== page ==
- Have You Met Miss Jones
- Street of Dreams
- Lady Be Good
- That’s Al
- Love Me tender
- How Could You Do a Thing Like this to Me?
- Captain Bill
Ray Brown – Bass
Gene Harris – Piano
Micky Roker Drums
- FSR (For Sonny Rollins)
- Put Your Little Foot Right Out
- If I Loved You
- Days of Wine and Roses
- A Night in Tunisia
- Bam Bam Bam
Personnel as above but Jeff Hamilton – Drums replaces Micky Rocker
This double CD album was originally released as two different albums
called ‘The Red Hot Ray Brown Trio’ and ‘Bam Bam Bam’. Both feature
the late Gene Harris on piano, unfortunately Ray Brown has passed
on as well, but these were two musical giants. Ray was the undisputed
king of the double bass and Gene was always the most swinging piano
player in town. The world is a poorer place without them.
The first album was recorded in the Blue Note Club in New York, Gene
Harris had retired to Idaho by this time, but it was Ray Brown who
persuaded him back to the big -time. Gene never looked back and when
I saw him in Jersey in 1995, he gave a fantastic performance supported
by Martin Drew and Jim Mullen. The second session was recorded in
Tokyo in 1989. The drummers completing the trio are also world class
both Mickey Rocker and Jeff Hamilton acquit themselves well.
The musical selection on both albums is just right combining jazz
standards with newer material from Ray Brown, Victor Feldman and Larry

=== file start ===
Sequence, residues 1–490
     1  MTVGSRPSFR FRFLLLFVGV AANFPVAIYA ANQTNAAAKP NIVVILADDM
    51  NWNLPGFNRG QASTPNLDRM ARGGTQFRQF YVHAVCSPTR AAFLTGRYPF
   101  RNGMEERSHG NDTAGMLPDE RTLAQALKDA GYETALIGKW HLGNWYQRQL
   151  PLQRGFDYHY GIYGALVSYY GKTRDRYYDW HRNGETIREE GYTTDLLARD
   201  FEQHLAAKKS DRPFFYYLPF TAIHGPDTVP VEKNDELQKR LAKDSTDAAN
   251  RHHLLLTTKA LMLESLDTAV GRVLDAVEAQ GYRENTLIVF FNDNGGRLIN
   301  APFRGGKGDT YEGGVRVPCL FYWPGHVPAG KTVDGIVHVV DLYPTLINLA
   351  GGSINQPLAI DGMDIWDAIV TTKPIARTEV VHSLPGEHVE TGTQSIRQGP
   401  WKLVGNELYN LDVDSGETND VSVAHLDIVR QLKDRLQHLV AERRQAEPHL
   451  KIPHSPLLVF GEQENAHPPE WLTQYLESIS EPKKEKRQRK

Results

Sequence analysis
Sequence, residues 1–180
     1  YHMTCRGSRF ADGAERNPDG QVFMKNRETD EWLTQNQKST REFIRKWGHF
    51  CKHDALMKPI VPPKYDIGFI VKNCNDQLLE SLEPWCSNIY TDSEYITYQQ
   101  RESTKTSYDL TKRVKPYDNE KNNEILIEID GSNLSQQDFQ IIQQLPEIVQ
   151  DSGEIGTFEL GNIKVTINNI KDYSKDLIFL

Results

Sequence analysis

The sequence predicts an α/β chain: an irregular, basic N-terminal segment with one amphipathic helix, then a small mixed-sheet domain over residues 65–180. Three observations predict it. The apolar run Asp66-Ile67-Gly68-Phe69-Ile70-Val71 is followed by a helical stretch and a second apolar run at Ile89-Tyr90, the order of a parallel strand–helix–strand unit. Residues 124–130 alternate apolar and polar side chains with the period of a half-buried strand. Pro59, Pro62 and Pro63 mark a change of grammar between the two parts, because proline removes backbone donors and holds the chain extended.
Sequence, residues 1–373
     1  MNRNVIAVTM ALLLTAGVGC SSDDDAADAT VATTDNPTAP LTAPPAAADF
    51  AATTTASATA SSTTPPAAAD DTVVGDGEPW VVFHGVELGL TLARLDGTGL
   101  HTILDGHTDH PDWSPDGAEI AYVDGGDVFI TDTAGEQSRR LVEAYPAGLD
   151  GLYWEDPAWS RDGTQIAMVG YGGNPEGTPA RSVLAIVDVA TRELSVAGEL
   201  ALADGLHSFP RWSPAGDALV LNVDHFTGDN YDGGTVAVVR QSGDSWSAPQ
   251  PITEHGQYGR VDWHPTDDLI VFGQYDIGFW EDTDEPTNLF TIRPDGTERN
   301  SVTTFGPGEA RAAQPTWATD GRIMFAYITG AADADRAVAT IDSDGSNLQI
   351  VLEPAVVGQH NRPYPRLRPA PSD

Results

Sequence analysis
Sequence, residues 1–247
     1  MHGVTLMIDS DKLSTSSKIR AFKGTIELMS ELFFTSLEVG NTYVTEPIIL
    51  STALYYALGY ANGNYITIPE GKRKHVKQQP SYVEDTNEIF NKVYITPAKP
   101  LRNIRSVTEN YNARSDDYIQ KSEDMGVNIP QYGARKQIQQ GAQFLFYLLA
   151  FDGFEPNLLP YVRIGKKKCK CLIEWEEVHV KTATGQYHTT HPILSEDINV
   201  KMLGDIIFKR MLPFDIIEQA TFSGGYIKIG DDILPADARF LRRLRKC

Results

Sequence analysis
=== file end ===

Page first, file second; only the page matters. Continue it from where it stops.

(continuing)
Spier. Throughout both albums, Gene Harris demonstrates his ability
to bring the ‘blues’ feel that is the very essence of jazz, to his
performance of any tune. Ray Brown leaves us in no doubt why he was
always regarded as the jazz world’s No1 bass player. I was particularly
taken with their performance of ‘That’s All’, a wistful, bitter sweet
tune if ever there was one.
Love Me Tender is the same number that Elvis Presley helped to write
and had a number one hit with! Not the most obvious jazz vehicle,
but in the hands of this trio, it turns into something special. Ray
states the theme on beautifully played bowed bass.
How Could You Do a Thing Like This to Me? is a fine jazz standard
and the trio delivers an excellent version of the tune written by
Tyree Glenn & Allan Roberts.
The sleeve note suggests overtones of Erroll Garner, but to me it’s
pure Gene Harris!
The first album ends with a blues called Captain Bill, an original
from Ray, so many ‘jazz greats’ never tire of the blues and I am with
them all the way, it is an art form in itself.
Disk 2, is another live session this time recorded in Tokyo. It begins
with RBS, which started out as a backing for Sonny Rollins tune Doxy,
but Ray felt it was a strong enough melody to survive on it’s own
and the trio drop into a swinging groove on this one immediately.
On ‘Put Your Little Foot’ Ray plays the intro and states the theme,
Gene then takes over against a walking bass from Ray.
Rio is a fine tune written by British born pianist Victor Feldman,
again every one solos well against a Latin beat this time. Ray plays
bowed bass again on the theme
of If I Love you, before there is another stunning solo spot from
Gene on Gershwin’s Summertime. The Henry Mancini favourite The Days
of Wine and Roses is driven along by the excellent Jeff Hamilton on
drums, it is easy to hear why he is so much in demand. He is featured
playing hand drums on the next number A Night in Tunisia. This disk
also ends with a Ray Brown blues called Bam Bam Bam; Jeff’s introduction
suggests the title!
This is an excellent double album, don’t miss it!